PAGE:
News & Updates

Managing the Hidden Airborne Risks of Home Cooking

A person shakes spices into a hot frying pan.

The smoke and fumes released into household kitchens during cooking can contain unhealthy indoor air contaminants—and we don’t know nearly enough about the opportunities, trade-offs, and efficacy of the various solutions in the market that aim to address them.

That was the upshot of a presentation by building scientist Christopher Marleau and building science specialist Graham Finch, both employees of RDH Building Science, at a recent meeting of the Vienna House Technical Research Committee.

In their presentation, “Research on Air Quality Impacts from Cooking in Residential Kitchens,” Marleau and Finch shared highlights from their deep-dive review of the literature on this often overlooked source of indoor air pollution. They found many of the underlying assumptions about kitchen ventilation to be problematic.

While there has been a great deal of recent attention on the health and air quality impacts of natural gas stoves, they said, less is known about the risks of smoke and fumes generated in the pan sitting on the flame or element—via frying, roasting, searing, sautéing, and so on.

“It’s important that people get the whole picture, rather than just half of the equation,” Marleau explained, in reference to the relative amount of data on the kitchen contaminants produced by cooking compared with those produced by natural gas combustion.

The fumes and smoke associated with cooking can include polycyclic hydrocarbons, aldehydes, organic aerosols, and particulates—including fine particulates (PM2.5) that can reach the alveoli, the very smallest pockets of the lungs.

The standard mitigation response is the kitchen range hood, of course. But Marleau cited evidence that most residential kitchen exhaust systems underperform even if they’re designed and/or installed as specified. Further, surveys suggest that many home cooks rarely switch them on, because they’re noisy.

Then there are the performance guidelines, which vary widely, reported Marleau.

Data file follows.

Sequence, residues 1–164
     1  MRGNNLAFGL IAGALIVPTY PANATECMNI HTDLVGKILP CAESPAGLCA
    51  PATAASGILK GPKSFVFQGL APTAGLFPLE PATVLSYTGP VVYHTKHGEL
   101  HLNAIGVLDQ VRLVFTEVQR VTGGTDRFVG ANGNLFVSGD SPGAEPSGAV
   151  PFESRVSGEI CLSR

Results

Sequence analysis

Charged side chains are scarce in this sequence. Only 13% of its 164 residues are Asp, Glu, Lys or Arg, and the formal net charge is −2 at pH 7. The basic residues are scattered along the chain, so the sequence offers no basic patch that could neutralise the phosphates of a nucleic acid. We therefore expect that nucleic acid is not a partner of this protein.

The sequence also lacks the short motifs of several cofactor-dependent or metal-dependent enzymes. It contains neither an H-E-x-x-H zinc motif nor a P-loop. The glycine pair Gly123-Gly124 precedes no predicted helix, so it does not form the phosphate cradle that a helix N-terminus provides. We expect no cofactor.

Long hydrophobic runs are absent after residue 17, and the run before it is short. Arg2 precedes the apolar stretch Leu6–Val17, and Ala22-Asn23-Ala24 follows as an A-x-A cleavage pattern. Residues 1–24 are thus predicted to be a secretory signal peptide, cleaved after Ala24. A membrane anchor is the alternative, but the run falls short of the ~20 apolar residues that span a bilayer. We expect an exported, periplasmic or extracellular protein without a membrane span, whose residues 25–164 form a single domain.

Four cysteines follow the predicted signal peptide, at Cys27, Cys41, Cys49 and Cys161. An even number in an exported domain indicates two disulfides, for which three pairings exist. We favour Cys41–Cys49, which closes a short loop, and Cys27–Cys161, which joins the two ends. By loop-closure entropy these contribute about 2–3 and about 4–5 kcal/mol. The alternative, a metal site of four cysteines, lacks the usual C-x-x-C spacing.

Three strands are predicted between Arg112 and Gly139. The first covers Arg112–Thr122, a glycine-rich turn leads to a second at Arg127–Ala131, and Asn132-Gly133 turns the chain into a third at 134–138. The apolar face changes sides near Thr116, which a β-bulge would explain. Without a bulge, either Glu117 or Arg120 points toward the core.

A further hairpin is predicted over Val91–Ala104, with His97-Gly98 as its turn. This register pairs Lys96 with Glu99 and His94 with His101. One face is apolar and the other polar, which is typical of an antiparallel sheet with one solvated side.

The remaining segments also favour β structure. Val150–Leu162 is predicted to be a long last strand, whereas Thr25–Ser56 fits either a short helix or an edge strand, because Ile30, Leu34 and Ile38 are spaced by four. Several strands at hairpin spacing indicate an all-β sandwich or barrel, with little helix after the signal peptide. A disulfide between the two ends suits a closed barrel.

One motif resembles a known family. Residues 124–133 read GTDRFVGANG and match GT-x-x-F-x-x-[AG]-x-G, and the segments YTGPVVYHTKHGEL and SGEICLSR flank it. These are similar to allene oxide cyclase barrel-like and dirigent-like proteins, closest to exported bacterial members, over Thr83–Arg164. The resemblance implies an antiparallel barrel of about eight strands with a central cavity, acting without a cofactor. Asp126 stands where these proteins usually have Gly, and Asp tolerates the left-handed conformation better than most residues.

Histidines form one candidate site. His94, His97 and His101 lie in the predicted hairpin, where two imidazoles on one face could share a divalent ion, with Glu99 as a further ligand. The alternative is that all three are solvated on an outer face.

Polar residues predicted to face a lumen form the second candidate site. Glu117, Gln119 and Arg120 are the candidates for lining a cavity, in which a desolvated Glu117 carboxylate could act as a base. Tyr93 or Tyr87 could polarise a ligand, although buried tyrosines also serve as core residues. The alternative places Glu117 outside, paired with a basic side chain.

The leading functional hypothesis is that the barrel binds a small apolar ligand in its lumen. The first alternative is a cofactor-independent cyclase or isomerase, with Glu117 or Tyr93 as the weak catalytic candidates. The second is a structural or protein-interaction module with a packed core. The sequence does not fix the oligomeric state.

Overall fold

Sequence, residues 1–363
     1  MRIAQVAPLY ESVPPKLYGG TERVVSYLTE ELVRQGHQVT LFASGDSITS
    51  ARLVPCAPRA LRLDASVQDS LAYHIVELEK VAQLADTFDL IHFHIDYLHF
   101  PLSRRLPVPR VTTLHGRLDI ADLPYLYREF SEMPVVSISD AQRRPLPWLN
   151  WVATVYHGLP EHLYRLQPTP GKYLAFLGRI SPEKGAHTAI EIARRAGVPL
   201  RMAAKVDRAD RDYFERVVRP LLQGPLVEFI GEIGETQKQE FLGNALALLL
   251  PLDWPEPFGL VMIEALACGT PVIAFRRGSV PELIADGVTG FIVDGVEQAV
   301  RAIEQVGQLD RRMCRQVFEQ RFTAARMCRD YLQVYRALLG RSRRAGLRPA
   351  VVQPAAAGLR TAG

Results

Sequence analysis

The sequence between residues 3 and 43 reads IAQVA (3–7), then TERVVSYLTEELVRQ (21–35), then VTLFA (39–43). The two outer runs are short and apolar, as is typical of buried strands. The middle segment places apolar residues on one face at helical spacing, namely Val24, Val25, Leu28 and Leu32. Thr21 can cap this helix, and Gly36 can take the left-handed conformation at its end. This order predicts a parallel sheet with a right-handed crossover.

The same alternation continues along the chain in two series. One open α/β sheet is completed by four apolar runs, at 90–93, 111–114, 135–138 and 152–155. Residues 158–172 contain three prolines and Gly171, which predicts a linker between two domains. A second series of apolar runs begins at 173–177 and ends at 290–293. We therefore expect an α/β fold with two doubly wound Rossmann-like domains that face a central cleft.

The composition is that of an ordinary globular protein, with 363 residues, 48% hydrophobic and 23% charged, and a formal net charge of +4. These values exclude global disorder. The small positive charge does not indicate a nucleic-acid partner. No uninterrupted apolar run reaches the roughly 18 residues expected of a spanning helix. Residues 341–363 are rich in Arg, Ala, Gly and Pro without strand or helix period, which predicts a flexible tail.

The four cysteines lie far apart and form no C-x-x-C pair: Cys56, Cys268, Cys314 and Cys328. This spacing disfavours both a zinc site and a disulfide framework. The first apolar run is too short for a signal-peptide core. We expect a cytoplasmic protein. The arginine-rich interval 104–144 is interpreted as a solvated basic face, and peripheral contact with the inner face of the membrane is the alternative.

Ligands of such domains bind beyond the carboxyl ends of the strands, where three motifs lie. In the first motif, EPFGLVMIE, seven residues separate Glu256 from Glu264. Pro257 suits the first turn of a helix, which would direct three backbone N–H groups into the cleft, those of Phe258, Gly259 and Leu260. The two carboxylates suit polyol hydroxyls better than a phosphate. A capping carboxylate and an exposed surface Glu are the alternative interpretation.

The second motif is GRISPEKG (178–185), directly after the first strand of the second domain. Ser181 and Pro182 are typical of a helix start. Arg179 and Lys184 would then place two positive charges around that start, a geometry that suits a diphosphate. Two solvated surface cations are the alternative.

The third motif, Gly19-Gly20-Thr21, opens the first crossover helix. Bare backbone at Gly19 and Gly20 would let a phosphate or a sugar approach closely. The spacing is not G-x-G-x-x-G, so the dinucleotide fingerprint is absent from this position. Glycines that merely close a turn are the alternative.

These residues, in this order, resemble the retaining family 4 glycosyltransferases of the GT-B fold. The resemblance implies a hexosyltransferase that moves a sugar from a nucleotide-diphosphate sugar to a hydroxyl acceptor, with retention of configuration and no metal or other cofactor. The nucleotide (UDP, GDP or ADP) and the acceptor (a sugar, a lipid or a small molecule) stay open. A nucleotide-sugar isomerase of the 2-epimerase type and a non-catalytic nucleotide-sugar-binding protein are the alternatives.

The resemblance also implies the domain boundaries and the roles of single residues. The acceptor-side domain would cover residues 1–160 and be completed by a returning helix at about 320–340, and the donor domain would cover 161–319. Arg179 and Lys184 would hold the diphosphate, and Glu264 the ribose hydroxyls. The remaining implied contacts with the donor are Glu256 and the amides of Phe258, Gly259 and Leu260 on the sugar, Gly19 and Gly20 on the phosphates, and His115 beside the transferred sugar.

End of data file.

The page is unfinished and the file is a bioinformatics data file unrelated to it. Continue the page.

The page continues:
The National Building Code of Canada 2020 and 2015 International Residential Code recommend exhaust fans move between 100 to 106 cubic feet of air per minute, he noted. But after digging into the literature, the researchers were left wondering about the evidence basis for that flow-rate recommendation. Besides, they said, flow rate alone is a poor indicator of efficacy because there are many other factors at play. Such factors include the size of the range hood and its location relative to burners, among others.

Direct exhaust systems move kitchen fumes straight outdoors, but can have a significant impact on overall building performance.

First, they require two envelope penetrations, one for the exhaust vent and another for a replacement air duct. As a result, the pipework not only vents the airborne emissions of cooking, but also precious heat. In Edmonton, for example, a kitchen range hood running two hours a day and pulling 250 cubic feet per minute can lose up to 8.64 kWh of heat per square meter of floor area, Marleau said.

Metal ductwork also serves as a “thermal bridge”—that is, the material transfers precious building heat through the building’s enclosure to the outdoors. Warm and moist indoor air can also condense in the ducts, which can lead to water pooling in the system—another potential health risk for occupants.

Recirculating kitchen exhaust systems use fans to pull airborne contaminants through a filter, and do not exhaust directly outside. But they have their own issues and challenges.

In conclusion, Marleau and Finch recommend that architects, engineers, and other practitioners in general pay more attention to managing the contaminants generated during home cooking. To date, building scientists have relied too much on controlled laboratory settings, they said, and researchers should study in-situ exhaust flow rates
 and monitor fine particulates in real-world, statistically significant settings that account for occupant behavior.

“What we’re really missing is the human component,” said Marleau. “We have a lot of lab tested research and we need more data in real-world conditions.” They also recommend building owners and managers help educate occupants on the health impacts of cooking.

In a Q&A session following the presentation, Jamie Harte, an associate with PUBLIC: Architecture + Communication, said that the Vienna House design team has yet to specify a kitchen range hood model for the community’s homes.

That said, to reduce penetrations of the building envelope and also minimize opportunities for noise to enter the building from the adjacent SkyTrain line, the team does plan to select a recirculating model, he said.

Photo by Conscious Design on Unsplash